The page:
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Do the police always blame rear drivers for rear-end wrecks?

On Behalf of | Apr 12, 2024 | Motor Vehicle Accidents |

Fault can play a major role in the legal and financial aftermath of a car crash. The mistakes or misconduct of one driver may lead to financial and legal responsibility for a collision. Each collision is inherently unique and requires careful analysis to accurately establish fault. Still, people may rush to conclusions in some cases. For example, a driver involved in a rear-end crash might worry that they have no options for compensation.

Someone who is driving appropriately when another motorist suddenly turns or merges in front of them without warning could rear-end that other vehicle. Even in a scenario like this, is it true that the driver of the rear vehicle is always the one to blame for a rear-end collision?

There are exceptions to every traffic rule

It is natural for people to assume that the driver in the rear vehicle is the one to blame for a crash. After all, traffic laws require that people monitor their surroundings and maintain a reasonable distance between their vehicles and other vehicles in traffic. Rear-end crashes are often the result of tailgating or the failure to maintain inappropriate following distance.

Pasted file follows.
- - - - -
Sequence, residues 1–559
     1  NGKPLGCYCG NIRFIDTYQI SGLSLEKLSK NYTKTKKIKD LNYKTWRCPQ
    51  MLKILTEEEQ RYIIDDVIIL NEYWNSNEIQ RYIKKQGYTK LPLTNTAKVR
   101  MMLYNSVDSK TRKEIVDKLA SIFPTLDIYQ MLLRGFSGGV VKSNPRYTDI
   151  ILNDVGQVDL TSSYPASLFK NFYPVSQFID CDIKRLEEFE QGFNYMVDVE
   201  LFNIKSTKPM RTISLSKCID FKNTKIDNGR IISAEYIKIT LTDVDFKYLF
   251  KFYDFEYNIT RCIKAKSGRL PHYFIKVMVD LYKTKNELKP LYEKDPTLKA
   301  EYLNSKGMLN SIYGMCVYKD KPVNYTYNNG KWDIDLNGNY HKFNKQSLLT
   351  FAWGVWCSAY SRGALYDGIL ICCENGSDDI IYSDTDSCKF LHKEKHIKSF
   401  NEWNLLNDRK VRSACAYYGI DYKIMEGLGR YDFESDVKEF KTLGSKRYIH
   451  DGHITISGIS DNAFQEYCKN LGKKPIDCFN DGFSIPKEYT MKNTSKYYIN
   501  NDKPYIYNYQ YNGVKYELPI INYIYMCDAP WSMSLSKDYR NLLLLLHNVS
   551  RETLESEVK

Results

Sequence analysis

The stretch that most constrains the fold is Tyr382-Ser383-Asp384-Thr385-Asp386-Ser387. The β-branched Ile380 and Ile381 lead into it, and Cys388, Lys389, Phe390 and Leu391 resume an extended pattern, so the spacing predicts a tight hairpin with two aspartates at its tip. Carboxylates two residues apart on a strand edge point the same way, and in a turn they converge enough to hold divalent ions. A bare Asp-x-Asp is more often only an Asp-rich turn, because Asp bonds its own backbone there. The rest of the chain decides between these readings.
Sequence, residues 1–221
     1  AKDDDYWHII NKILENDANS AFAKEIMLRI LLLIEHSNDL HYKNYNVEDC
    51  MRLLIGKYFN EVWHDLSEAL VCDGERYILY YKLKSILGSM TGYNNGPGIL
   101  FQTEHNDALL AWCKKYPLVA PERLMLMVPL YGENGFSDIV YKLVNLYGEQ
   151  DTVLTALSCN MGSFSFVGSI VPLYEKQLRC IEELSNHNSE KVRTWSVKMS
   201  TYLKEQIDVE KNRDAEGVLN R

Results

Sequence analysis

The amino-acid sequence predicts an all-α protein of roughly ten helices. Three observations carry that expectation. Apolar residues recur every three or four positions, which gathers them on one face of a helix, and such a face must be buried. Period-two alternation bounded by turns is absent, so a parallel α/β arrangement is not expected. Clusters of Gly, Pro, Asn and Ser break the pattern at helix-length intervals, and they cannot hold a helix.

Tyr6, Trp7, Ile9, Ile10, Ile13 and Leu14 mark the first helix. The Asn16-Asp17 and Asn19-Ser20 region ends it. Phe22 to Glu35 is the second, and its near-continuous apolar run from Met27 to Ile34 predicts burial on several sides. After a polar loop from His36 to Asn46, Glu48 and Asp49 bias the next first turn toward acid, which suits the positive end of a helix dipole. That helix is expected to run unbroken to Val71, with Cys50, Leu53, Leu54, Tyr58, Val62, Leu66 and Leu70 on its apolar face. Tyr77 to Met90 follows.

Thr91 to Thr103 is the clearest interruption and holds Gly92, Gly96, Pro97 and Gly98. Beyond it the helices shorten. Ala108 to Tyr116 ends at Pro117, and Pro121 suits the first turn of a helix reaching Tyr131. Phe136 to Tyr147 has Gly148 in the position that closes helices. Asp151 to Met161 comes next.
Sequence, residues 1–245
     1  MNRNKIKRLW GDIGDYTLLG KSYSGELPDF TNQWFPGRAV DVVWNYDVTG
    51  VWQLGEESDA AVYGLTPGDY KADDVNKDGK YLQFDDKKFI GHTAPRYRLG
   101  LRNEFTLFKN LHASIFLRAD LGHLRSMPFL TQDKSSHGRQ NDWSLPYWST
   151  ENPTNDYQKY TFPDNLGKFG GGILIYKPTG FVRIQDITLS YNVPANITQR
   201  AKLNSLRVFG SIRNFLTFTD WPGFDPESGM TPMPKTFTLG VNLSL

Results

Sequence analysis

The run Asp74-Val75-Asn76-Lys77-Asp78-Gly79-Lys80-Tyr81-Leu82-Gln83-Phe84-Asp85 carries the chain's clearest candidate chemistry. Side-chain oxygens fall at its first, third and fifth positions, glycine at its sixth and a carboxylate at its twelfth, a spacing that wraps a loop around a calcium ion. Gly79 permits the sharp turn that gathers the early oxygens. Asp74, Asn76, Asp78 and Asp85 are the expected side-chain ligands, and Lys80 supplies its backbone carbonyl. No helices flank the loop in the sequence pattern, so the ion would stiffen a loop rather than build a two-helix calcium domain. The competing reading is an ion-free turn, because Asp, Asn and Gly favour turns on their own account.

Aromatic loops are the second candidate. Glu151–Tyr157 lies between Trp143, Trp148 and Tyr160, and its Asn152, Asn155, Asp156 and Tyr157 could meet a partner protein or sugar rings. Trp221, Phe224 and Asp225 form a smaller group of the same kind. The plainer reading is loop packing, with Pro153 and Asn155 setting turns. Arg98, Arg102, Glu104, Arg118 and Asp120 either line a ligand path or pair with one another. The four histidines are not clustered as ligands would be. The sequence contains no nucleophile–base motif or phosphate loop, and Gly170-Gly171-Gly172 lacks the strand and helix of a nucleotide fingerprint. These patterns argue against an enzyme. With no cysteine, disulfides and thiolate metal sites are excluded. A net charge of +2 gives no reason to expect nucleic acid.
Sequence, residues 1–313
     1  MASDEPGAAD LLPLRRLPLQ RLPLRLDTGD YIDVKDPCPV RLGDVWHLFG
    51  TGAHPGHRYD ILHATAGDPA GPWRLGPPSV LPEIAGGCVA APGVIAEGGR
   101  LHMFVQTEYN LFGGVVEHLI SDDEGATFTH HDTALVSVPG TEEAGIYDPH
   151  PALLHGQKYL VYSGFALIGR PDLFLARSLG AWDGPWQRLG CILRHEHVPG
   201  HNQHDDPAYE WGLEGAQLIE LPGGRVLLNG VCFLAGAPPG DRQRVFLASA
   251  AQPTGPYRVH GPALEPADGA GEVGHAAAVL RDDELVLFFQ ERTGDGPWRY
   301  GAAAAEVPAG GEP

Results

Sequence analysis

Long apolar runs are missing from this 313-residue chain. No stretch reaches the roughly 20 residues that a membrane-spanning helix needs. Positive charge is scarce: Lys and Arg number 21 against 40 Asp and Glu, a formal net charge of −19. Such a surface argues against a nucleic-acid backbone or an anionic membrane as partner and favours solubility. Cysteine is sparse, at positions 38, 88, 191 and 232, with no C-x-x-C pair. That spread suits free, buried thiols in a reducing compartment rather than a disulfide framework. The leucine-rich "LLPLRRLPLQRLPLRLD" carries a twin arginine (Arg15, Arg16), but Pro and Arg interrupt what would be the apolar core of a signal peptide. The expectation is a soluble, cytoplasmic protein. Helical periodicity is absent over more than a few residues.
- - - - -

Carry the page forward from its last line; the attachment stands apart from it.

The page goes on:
If the driver in the rear vehicle got too close to the front vehicle due to speeding or tailgating, then that driver might be to blame for the crash. However, when one driver cuts someone else off in traffic, they could potentially be the party to blame for a collision. Merging or turning without leaving adequate space between Vehicles could cause a crash. Failing to rapidly accelerate could also cause a collision in those scenarios.

Finally, a failure to use turn signals or maintain brake lights in working conditions might lead to someone in a rear vehicle causing a preventable rear-end collision. So long as there is evidence of mistakes or negligence on the part of the driver in the front vehicle, the driver in the rear vehicle could establish that the front vehicle is to blame for the crash. They might then be eligible to file an insurance claim or possibly even with personal injury lawsuit.

Establishing fault after a car wreck may prove to be crucial to a crash victim’s economic recovery. Thankfully, motorists who learn about Minnesota traffic statutes can potentially hold other drivers accountable for violating them.